Of course, Bilal's grand jury testimony may contain nothing helpful to King. And we are mindful that, as a general matter, evidence that merely impeaches those who do not testify lacks relevance, much less materiality. See United States v. Sanchez, 118 F.3d 192, 197 (4th Cir.1997). King, however, has demonstrated that Bilal's grand jury testimony could contain materially favorable evidence. Even though Bilal never testified, he figured prominently in King's trial. King's entire defense to the Wilmington charges turned on persuading the jury that the seized contraband belonged to Bilal. To that end, King testified extensively that Bilal set him up, and defense counsel focused on Bilal's relationship to the Wilmington contraband in both her opening and closing statements. Moreover, it is undisputed that Bilal and King shared the Wilmington apartment and that the police relied heavily on Bilal's statements in determining that the seized contraband belonged to King and not Bilal. Given Bilal's pivotal role in the trial, the district court recognized that “the history of Bilal's relationship with Mr. King here is relevant because it would cast a question on ․ whose drugs were in the apartment.”
Accordingly, although the jury disbelieved King's story about Bilal, it remains plausible that Bilal's grand jury testimony contained information that might have affected that disbelief. Indeed, information pertaining to Bilal's history with King and thus his possible motive to ensure King's arrest, evidence of Bilal's firearm ownership, or statements illuminating the tenancy arrangement at the Wilmington apartment all could have provided King important ammunition for his defense. If Bilal's grand jury testimony were to contain revelations regarding any such pivotal subject, it could “reasonably be taken to put the whole case in such a different light as to undermine confidence in the verdict.” Strickler v. Greene, 527 U.S. 263, 290, 119 S.Ct. 1936, 144 L.Ed.2d 286 (1999) (quoting Kyles, 514 U.S. at 435, 115 S.Ct. 1555).
In addition, King has made a plausible showing that Bilal's grand jury testimony contained evidence material to his sentence. See Basden v. Lee, 290 F.3d 602, 611 (4th Cir.2002) (noting that Brady applies to evidence material to sentencing). The district court, over King's objection, applied an eight-level enhancement premised on King's alleged kidnapping of Bilal. See U.S.S.G. §§ 2K2.1, 2A4.1. In applying the enhancement, the court expressly credited Bilal's statements regarding the kidnapping. Bilal's grand jury testimony may have contained evidence that would have materially undermined the plausibility of Bilal's account and thus significantly reduced King's sentence.
We therefore vacate King's conviction and sentence with respect to Count Five and remand for the district court's in camera inspection of Bilal's grand jury testimony. Love, 57 F.3d at 1316. After examining the grand jury transcript, the district court should rule on the materiality and favorability to King of any evidence contained therein, taking any “remedial or other action as is required by its determination.” Id. We affirm in all other respects.
AFFIRMED IN PART AND VACATED AND REMANDED IN PART
1. Twenty months elapsed after King's indictment prior to trial because King escaped from custody once and changed counsel three times.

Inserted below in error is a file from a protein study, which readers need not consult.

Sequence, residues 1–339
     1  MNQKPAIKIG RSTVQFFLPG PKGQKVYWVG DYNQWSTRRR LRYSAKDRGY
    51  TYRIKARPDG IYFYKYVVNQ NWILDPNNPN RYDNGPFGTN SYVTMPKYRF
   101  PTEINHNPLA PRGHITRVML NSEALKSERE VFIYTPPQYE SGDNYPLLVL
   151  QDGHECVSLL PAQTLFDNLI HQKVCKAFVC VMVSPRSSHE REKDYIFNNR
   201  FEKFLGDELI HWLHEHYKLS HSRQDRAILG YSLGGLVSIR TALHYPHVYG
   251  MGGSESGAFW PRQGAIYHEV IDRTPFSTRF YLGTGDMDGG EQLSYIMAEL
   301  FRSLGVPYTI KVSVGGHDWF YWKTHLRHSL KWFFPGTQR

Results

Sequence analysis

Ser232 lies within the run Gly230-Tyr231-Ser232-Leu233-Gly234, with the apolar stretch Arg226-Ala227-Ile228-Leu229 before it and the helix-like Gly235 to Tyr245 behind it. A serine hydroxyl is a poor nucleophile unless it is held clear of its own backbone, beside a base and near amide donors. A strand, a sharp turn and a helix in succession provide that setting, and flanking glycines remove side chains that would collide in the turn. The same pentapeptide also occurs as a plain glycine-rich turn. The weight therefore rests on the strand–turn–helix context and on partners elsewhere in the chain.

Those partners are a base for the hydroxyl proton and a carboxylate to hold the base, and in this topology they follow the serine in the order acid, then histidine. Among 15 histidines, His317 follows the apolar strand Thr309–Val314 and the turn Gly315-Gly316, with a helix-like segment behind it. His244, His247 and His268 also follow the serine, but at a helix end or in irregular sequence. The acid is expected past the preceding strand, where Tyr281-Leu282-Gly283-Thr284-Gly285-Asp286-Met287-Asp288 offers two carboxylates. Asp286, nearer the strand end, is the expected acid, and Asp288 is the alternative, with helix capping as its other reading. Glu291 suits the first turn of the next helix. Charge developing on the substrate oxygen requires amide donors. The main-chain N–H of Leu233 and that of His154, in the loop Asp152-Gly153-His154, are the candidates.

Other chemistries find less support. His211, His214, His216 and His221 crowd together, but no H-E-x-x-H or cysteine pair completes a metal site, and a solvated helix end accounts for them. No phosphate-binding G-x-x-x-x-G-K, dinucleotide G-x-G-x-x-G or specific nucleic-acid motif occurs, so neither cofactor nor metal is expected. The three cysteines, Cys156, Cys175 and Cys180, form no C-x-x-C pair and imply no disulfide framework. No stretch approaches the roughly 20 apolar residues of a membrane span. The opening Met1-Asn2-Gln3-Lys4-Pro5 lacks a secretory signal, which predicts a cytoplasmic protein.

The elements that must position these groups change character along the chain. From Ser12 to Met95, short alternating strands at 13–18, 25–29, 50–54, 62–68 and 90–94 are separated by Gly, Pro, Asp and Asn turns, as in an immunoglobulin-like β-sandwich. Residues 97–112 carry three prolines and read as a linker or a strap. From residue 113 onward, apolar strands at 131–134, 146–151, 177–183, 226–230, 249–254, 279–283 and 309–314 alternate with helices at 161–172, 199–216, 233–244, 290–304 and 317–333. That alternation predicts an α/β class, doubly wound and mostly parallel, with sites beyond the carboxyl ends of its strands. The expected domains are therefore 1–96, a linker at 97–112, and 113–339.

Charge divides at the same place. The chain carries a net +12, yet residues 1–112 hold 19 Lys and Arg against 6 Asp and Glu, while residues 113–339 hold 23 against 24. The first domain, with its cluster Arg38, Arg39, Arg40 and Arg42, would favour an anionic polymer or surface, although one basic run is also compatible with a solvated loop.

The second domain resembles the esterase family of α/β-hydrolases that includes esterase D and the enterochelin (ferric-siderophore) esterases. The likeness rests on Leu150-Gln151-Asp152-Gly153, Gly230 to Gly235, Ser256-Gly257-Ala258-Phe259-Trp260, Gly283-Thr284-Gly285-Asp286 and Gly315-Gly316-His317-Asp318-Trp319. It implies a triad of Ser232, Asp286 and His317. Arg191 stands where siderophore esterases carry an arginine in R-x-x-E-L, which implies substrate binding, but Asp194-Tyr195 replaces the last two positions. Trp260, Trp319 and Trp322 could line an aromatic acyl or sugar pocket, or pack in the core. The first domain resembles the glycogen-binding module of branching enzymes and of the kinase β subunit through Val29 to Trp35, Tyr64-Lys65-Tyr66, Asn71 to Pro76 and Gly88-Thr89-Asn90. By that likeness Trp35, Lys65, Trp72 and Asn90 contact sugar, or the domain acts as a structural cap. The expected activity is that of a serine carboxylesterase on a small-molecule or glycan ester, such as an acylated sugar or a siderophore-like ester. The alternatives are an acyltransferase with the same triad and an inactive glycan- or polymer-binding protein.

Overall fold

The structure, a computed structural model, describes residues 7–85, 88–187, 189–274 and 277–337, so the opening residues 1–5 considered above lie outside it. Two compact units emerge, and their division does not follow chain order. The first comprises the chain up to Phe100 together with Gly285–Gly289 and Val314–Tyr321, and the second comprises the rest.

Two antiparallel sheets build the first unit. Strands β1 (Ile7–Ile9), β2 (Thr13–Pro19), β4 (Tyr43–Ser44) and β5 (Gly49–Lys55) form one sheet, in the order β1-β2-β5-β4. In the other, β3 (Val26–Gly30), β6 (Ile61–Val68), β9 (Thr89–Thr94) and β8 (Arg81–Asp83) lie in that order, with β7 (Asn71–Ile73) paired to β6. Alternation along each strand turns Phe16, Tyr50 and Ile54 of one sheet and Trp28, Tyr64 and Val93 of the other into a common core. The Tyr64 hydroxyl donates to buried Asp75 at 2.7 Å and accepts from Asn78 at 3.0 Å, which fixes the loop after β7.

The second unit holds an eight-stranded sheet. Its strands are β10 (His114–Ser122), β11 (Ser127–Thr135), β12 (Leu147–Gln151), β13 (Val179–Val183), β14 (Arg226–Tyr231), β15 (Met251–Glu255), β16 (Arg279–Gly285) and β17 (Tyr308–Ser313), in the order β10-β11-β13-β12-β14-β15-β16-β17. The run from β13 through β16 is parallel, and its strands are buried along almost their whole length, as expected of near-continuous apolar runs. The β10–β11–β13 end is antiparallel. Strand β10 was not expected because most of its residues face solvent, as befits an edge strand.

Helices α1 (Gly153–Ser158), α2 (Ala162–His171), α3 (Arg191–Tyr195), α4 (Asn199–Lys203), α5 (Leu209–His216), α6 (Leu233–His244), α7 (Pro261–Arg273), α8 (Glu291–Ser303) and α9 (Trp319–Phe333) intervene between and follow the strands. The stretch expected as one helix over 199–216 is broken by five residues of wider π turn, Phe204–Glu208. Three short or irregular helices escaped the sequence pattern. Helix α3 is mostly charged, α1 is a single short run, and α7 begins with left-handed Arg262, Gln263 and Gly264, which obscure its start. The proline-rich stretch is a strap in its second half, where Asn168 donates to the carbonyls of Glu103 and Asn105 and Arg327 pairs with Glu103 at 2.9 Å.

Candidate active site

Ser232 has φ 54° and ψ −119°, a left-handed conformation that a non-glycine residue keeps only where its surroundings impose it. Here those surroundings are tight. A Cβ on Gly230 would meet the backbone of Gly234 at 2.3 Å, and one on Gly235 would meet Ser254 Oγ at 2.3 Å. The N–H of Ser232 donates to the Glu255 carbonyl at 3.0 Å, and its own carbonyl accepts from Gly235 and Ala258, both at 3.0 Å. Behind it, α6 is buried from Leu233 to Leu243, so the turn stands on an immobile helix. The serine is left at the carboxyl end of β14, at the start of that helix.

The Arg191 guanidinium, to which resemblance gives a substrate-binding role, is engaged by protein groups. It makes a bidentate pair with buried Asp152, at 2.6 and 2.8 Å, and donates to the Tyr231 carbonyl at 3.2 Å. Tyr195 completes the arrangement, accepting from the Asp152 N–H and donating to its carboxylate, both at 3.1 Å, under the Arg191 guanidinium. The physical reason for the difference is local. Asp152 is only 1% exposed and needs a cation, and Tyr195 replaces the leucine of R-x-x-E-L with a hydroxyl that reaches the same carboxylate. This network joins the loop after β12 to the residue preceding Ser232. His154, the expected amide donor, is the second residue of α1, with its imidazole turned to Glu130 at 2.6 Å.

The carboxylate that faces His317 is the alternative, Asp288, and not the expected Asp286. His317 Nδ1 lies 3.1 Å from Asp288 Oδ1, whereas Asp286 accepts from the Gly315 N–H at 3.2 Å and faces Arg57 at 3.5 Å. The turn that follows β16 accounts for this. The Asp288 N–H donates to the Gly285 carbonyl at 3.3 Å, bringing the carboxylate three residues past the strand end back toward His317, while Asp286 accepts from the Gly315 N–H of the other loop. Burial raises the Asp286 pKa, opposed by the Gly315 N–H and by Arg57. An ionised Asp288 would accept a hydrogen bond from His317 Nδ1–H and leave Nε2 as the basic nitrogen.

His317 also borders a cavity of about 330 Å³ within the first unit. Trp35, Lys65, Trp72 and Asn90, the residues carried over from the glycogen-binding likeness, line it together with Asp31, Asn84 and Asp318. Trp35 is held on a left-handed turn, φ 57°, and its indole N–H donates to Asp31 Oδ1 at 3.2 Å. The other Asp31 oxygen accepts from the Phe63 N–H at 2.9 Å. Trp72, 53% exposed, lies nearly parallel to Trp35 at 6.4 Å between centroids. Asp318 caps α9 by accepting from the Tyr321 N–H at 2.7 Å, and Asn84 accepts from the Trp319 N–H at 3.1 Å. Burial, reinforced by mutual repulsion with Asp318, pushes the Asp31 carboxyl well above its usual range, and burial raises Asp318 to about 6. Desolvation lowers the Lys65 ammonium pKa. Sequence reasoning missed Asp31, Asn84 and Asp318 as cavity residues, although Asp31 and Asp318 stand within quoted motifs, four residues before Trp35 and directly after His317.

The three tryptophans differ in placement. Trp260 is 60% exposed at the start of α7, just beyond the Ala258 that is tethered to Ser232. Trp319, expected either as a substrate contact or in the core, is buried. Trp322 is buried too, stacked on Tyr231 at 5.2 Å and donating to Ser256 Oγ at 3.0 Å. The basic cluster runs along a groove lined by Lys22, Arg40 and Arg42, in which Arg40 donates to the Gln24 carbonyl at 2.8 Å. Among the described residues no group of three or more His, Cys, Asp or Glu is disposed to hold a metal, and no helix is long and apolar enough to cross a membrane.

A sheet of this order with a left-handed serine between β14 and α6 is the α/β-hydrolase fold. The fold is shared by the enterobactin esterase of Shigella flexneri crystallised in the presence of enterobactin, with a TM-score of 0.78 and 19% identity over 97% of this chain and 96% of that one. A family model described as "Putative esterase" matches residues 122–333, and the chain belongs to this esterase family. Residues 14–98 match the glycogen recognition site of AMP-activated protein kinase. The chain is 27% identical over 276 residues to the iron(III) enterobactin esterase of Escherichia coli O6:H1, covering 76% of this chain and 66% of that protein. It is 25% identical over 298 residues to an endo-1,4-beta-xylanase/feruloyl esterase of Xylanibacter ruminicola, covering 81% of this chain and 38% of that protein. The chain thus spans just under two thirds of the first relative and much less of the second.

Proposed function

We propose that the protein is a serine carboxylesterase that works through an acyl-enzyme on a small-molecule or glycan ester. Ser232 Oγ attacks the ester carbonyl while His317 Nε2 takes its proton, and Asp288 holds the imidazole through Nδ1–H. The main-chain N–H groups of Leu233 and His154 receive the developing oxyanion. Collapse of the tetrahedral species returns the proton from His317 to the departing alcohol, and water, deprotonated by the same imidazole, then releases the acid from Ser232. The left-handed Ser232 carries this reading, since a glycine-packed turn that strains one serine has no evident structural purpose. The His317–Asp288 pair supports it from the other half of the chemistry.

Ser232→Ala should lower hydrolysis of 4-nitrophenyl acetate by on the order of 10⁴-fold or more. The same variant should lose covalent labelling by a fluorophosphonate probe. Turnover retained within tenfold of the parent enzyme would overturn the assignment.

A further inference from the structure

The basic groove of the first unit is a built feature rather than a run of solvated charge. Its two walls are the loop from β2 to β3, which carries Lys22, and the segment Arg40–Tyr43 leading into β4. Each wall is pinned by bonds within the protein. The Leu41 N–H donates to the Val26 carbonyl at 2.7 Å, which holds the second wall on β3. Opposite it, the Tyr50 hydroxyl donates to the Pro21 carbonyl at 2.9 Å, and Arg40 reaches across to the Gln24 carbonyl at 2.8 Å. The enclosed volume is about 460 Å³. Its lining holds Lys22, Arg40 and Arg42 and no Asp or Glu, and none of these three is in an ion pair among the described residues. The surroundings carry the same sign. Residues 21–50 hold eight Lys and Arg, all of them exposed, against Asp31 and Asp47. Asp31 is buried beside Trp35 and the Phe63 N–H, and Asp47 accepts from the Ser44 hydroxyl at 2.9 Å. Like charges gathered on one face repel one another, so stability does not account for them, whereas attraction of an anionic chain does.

2. Although King told police when he was arrested that he owned all three firearms, he testified at trial that he only owned two of them but “took responsibility for” the third.
3. In the course of rejecting a challenge to jury instructions, we remarked in an unpublished opinion that § 924(c) “creates distinct ‘use and carry’ and ‘possession’ offenses” and so if a defendant is “indicted for one § 924(c) offense but convicted of the other, this would of course mandate reversal under our precedent.” United States v. Woods, 271 Fed.Appx. 338, 343 (4th Cir.2008). Because Woods dealt with the mismatch between a jury instruction and an admittedly sufficient indictment, we had no opportunity to assess the sufficiency of an indictment that intermixes § 924(c)'s elements. Moreover, this unpublished non-precedential opinion can establish no basis for a finding of plain error. See United States v. Stewart, 595 F.3d 197, 199 n. 1 (4th Cir.2010).
4. We also note that the police found no paraphernalia or other evidence indicative of personal marijuana use in King's apartment.
5. In Trevino, we recognized and followed Ritchie and Love but found presentence reports “entitled to a greater degree of protection from examination and disclosure” because, in contrast to Ritchie and Love, no statute authorized their disclosure “to third parties by court order.” Trevino, 89 F.3d at 191. The Government does not contend that Trevino exempts Bilal's grand jury testimony from in camera examination. Nor could it, for unlike the records at issue in Trevino, but like those in Ritchie and Love, grand jury transcripts are subject to a statute providing for their in camera inspection and disclosure. See 18 U.S.C. § 3500(b). Thus, judges have long enjoyed wide discretion to inspect grand jury testimony “where a particular need is shown,” United States v. Bryant, 364 F.2d 598, 600 (4th Cir.1966), in part because the in camera procedure effectively safeguards the government's interest in the preservation of grand jury secrecy. See In re Grand Jury Subpoena, 884 F.2d 124, 126 (4th Cir.1989).
Affirmed in part and vacated and remanded in part by published opinion. Judge MOTZ wrote the opinion, in which Judge AGEE and Judge WYNN joined.